Israeli archaeologists, mathematicians and physicists are joining forces to uncover the meaning behind inscriptions found on pottery fragments believed to be more than 2,500 years old.
The Israeli newspaper Haaretz reported Wednesday that a Tel Aviv University team has been examining pieces of First Temple-era pots and vessels with ancient inscriptions scratched in. The ancient pot fragment is known as an ostracon.
One of the inscriptions addressed events described in the biblical book of Jeremiah. Haaretz reported:
Even more gripping is the tale told by perhaps the most known ostracon from the period, which was found in Lachish, the largest Judahite town after Jerusalem. In the dispatch, an official stationed outside the city reports to his commander on the fall of a nearby stronghold, saying that "we can see the signals from Lachish, but we no longer see Azekah."
Scholars have taken this as a confirmation of the biblical narrative of Jeremiah, which recounts that Azekah and Lachish were the last fortresses of Judah to fall before Jerusalem was besieged and destroyed by the Babylonian king Nebuchadnezzar II.
The Israeli foreign ministry has noted that more than 100 ostraca written in Paleo-Hebrew script have been found in Arad in southern Israel, calling it “the largest and richest collection of inscriptions from the biblical period ever discovered in Israel.” Paleo-Hebrew was used in the ancient kingdoms of Judah and Israel.
Some of the inscriptions were addressed to the commander of the Citadel of Arad, Eliashiv ben Ashiyahu, and discussed getting bread, wine and oil to soldiers serving in the Negev Desert. Another excerpt discussed the security threats in the area, warning of an emergency and requesting reinforcements, the foreign ministry explained.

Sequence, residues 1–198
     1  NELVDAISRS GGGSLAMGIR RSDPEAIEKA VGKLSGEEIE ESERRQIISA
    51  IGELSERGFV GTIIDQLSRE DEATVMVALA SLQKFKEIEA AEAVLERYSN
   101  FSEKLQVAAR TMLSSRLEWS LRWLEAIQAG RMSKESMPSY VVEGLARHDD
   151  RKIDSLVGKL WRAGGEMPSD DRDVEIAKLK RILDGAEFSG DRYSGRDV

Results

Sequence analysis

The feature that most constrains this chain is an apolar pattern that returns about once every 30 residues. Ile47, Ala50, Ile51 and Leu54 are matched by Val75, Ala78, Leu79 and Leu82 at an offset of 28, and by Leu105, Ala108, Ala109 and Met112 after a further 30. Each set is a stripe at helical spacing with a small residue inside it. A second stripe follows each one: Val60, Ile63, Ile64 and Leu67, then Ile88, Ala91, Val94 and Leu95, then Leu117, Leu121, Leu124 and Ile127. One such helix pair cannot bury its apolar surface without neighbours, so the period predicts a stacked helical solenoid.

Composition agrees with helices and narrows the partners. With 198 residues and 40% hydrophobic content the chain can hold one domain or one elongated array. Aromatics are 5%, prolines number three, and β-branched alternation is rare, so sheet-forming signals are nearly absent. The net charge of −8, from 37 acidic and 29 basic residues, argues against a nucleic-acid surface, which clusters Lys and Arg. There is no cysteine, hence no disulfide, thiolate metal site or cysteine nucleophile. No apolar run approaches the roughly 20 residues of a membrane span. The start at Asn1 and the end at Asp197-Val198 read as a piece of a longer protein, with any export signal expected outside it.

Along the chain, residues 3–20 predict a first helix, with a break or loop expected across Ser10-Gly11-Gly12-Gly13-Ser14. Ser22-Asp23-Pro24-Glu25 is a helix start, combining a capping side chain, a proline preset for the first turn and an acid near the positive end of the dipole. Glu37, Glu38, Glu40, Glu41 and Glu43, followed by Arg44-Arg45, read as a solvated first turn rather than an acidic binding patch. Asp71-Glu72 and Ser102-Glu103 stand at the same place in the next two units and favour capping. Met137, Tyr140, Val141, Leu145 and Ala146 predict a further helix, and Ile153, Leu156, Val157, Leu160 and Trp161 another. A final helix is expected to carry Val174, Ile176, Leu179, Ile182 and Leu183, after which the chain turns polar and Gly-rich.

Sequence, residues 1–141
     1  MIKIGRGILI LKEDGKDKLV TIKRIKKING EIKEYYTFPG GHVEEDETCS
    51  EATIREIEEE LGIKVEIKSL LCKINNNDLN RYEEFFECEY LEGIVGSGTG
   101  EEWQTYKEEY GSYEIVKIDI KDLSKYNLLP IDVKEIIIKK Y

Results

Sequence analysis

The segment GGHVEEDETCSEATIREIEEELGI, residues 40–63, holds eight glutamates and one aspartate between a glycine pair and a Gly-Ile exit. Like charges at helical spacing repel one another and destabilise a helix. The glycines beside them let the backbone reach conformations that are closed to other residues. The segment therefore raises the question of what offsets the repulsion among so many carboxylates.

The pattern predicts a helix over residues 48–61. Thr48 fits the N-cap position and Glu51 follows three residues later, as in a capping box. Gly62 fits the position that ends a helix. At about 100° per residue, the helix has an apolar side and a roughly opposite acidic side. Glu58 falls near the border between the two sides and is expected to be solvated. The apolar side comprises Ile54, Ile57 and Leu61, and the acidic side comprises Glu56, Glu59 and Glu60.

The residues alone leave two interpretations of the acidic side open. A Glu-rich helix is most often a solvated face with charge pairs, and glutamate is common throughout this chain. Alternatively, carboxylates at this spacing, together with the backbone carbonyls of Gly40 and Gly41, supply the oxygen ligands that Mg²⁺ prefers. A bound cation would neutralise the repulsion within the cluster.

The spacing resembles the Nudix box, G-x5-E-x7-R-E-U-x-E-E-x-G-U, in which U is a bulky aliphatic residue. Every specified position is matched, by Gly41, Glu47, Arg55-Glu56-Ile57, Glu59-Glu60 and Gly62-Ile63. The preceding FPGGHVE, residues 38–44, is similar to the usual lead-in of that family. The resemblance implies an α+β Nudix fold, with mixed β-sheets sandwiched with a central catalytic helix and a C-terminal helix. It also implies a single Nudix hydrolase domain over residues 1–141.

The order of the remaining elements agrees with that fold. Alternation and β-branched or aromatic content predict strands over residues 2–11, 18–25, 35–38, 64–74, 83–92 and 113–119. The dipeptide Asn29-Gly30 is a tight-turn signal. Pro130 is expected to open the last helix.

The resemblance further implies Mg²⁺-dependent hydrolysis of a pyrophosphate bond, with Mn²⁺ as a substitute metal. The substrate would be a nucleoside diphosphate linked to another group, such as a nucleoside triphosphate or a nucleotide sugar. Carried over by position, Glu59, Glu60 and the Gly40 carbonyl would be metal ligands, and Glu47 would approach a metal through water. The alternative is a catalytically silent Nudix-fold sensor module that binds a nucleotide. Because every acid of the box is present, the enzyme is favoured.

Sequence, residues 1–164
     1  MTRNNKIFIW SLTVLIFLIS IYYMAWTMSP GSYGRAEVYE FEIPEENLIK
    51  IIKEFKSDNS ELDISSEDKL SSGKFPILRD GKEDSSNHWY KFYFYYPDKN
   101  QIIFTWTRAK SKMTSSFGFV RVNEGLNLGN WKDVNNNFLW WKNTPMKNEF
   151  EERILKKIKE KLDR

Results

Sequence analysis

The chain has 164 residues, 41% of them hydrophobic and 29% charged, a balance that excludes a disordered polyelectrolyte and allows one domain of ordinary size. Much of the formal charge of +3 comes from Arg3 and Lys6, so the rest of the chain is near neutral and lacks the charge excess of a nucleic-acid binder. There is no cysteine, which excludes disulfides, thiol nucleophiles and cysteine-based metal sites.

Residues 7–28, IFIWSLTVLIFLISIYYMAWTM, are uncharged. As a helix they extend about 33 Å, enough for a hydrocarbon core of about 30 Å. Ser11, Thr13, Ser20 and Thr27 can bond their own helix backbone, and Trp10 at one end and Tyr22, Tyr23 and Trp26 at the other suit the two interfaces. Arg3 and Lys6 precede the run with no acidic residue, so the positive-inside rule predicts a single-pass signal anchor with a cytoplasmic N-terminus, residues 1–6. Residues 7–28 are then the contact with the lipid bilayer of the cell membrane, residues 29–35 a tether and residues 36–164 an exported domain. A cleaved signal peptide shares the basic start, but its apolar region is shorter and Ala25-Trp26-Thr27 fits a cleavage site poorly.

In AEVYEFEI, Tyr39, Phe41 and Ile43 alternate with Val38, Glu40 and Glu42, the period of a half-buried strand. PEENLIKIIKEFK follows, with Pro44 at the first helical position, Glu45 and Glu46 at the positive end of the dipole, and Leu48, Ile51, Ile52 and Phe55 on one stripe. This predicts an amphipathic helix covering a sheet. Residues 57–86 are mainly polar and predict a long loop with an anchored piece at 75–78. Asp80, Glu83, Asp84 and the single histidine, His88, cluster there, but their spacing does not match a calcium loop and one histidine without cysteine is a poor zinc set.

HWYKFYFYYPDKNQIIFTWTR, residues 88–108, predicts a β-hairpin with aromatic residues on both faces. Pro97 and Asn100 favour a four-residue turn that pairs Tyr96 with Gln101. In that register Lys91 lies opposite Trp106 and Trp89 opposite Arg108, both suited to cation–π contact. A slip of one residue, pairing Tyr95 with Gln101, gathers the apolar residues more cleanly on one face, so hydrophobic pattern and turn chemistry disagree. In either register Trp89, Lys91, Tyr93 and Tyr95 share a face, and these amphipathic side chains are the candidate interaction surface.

One of the potsherds from Arad, probably sent to one of Eliashiv's superior officers, is a panicked note from the king in Jerusalem with an order "incumbent upon your very life" to send reinforcements to nearby Ramat Negeb to counter a threat from the neighboring Edomites.
We don't know what the response to the message was, but shortly after the order was received, the Edomites, who were allied with the Babylonians, overran the entire area and destroyed the Arad citadel.
The effort to uncover the meaning behind the ancient inscriptions began six years ago by archaeologist Israel Finkelstein and physicist Eli Piasetsky.
The team constructed a special camera to capture highly refined photos of the ostraca to discover parts of the inscriptions invisible to the naked eye.
"Once, the technician mistakenly photographed the reverse side of an ostracon, which was known to be blank, and the image revealed four clear lines of text there," mathematician Arie Shaus told Haaretz. "It had been sitting in a museum for 50 years and nobody ever noticed this."
Palestinians try to downplay any Jewish historical connection to Israel and often lambaste what they call the “Judaization of Jerusalem.” The new discoveries which appear to support biblical texts provide new evidence of the Jewish connection to Israel, including Judea and Samaria.